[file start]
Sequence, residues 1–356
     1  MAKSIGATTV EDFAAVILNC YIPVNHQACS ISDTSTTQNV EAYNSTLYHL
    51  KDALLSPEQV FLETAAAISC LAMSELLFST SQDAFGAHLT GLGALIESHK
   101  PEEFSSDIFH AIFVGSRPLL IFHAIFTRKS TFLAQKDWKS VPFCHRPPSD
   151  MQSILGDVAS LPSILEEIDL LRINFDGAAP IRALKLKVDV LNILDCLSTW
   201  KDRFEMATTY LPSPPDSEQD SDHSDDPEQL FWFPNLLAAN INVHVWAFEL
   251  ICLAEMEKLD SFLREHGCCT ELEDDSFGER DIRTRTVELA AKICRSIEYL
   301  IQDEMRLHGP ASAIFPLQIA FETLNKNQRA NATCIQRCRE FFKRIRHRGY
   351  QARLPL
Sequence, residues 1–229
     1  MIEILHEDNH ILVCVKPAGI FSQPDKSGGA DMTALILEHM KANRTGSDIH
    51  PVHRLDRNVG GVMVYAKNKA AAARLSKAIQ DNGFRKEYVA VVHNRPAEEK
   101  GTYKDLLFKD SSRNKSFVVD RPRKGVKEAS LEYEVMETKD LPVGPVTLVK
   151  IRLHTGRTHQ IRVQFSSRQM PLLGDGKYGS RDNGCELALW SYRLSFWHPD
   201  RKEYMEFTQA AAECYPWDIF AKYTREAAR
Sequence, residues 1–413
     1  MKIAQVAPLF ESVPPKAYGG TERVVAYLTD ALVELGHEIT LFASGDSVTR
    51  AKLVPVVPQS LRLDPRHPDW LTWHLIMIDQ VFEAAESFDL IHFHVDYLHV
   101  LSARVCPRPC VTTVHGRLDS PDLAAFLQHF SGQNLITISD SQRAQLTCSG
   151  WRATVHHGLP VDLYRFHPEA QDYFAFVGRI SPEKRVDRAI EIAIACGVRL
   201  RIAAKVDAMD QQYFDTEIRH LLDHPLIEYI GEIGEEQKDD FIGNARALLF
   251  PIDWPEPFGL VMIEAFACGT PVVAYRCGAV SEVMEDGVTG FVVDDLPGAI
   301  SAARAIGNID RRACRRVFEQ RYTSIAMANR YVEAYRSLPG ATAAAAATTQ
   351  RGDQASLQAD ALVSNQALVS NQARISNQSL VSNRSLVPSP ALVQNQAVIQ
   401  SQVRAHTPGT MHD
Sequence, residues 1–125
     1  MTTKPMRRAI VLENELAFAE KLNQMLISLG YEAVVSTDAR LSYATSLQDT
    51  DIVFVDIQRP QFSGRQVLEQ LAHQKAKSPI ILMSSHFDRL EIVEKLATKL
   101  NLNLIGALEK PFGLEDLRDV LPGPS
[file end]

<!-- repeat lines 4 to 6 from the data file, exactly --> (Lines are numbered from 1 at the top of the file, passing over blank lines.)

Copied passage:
   101  PEEFSSDIFH AIFVGSRPLL IFHAIFTRKS TFLAQKDWKS VPFCHRPPSD
   151  MQSILGDVAS LPSILEEIDL LRINFDGAAP IRALKLKVDV LNILDCLSTW
   201  KDRFEMATTY LPSPPDSEQD SDHSDDPEQL FWFPNLLAAN INVHVWAFEL